Chlorofluorocarbons, commonly known as CFCs, are a group of man-made compounds containing chlorine, fluorine and carbon. They are not found anywhere in nature. The production of CFCs began in the 1930s for the purpose of refrigeration. Since then they have been extensively utilised as propellants in aerosols, as blowing agents in foam manufacture and in air conditioning. There are no removal processes or sinks for CFCs in the lowest part of the atmosphere called the troposphere. As a result they are transported up into the stratosphere, between 10 to 50 km above the Earth's surface, where they are broken down by ultraviolet (UV) radiation from the Sun, releasing free chlorine atoms which cause significant ozone depletion.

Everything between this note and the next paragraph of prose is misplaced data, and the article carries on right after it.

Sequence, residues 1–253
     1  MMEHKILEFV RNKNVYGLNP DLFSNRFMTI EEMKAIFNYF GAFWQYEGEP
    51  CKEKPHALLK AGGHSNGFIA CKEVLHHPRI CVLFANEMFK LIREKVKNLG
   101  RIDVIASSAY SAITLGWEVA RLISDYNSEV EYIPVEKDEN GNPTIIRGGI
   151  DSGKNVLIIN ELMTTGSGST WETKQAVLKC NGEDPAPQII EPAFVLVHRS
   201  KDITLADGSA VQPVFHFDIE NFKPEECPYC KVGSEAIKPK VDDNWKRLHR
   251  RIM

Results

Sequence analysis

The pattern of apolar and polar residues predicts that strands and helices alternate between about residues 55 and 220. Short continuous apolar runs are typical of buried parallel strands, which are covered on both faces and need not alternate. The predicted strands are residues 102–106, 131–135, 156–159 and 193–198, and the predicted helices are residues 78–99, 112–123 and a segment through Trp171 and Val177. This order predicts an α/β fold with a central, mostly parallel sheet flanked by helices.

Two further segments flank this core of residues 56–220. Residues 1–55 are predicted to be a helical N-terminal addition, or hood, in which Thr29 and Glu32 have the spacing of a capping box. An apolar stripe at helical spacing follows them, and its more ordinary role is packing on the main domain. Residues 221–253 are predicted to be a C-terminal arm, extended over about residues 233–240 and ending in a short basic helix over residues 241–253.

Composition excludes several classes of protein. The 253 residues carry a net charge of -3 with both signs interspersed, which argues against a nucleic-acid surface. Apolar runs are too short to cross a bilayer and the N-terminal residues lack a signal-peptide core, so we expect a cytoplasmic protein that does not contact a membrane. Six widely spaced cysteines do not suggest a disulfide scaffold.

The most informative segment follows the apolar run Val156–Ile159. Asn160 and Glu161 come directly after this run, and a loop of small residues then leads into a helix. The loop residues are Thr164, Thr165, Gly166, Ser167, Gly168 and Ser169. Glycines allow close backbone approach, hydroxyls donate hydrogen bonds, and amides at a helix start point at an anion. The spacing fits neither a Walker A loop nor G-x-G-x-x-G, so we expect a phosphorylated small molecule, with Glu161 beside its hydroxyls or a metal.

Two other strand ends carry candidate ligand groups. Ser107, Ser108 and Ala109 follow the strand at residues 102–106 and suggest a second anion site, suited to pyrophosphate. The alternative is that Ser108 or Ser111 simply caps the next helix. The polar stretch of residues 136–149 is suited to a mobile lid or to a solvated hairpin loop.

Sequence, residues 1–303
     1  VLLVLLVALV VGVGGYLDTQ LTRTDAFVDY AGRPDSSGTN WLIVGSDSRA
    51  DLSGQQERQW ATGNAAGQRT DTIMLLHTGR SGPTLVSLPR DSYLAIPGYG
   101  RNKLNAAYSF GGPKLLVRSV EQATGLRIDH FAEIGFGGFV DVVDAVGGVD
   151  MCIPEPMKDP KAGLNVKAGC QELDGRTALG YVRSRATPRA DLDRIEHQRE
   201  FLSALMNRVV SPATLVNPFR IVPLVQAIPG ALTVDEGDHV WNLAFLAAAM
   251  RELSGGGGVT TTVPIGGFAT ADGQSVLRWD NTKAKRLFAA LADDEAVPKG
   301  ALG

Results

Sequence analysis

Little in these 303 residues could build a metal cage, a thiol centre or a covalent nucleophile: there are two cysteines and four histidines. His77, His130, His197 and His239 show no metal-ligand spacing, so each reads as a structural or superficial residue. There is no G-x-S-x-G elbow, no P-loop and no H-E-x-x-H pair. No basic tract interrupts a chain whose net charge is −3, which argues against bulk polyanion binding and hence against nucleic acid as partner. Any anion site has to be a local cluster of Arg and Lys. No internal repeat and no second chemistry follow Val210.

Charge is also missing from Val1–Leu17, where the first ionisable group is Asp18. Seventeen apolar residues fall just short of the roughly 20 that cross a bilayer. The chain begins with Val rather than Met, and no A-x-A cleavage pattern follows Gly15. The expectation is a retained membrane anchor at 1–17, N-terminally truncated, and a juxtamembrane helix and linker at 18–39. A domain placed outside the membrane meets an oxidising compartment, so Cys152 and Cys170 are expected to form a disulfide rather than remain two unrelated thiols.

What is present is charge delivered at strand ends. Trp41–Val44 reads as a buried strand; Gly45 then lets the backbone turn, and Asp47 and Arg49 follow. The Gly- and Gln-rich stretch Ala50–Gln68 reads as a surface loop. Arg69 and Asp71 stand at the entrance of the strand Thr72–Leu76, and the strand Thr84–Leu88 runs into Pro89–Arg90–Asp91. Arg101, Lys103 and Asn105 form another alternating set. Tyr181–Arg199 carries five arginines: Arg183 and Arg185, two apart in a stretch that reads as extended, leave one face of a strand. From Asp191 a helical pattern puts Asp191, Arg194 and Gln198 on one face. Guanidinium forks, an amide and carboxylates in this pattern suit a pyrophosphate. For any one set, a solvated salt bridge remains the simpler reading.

Although the amounts of CFCs in the atmosphere are very small, measured in parts per trillion (million million), they do contribute significantly to the enhancement of the natural greenhouse effect, because they are very good at trapping heat. Molecule for molecule some CFCs are thousands of times stronger than carbon dioxide as greenhouse gases.
Since the dangers caused by CFCs to the ozone layer were first identified, their use has gradually been phased out, according to international agreements made in Montreal, Canada, in 1987. However, CFCs have long lifetimes in the atmosphere before they are broken down by sunlight, and consequently they will continue to enhance the greenhouse effect well into the 21st century.